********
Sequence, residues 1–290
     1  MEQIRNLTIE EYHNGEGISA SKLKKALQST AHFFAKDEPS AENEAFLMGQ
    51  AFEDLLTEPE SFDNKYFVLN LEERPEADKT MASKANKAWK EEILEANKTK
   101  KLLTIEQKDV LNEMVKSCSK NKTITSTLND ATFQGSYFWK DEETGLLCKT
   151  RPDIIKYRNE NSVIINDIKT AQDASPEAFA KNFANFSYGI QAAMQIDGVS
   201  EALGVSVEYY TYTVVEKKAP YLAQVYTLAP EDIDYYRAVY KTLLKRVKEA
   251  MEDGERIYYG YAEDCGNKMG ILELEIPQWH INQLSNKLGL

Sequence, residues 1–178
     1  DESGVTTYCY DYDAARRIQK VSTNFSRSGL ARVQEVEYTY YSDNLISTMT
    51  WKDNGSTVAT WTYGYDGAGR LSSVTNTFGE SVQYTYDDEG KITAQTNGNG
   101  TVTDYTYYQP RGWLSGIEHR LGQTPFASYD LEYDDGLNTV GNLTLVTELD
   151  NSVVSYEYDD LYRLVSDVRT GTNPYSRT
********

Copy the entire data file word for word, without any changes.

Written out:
Sequence, residues 1–290
     1  MEQIRNLTIE EYHNGEGISA SKLKKALQST AHFFAKDEPS AENEAFLMGQ
    51  AFEDLLTEPE SFDNKYFVLN LEERPEADKT MASKANKAWK EEILEANKTK
   101  KLLTIEQKDV LNEMVKSCSK NKTITSTLND ATFQGSYFWK DEETGLLCKT
   151  RPDIIKYRNE NSVIINDIKT AQDASPEAFA KNFANFSYGI QAAMQIDGVS
   201  EALGVSVEYY TYTVVEKKAP YLAQVYTLAP EDIDYYRAVY KTLLKRVKEA
   251  MEDGERIYYG YAEDCGNKMG ILELEIPQWH INQLSNKLGL

Sequence, residues 1–178
     1  DESGVTTYCY DYDAARRIQK VSTNFSRSGL ARVQEVEYTY YSDNLISTMT
    51  WKDNGSTVAT WTYGYDGAGR LSSVTNTFGE SVQYTYDDEG KITAQTNGNG
   101  TVTDYTYYQP RGWLSGIEHR LGQTPFASYD LEYDDGLNTV GNLTLVTELD
   151  NSVVSYEYDD LYRLVSDVRT GTNPYSRT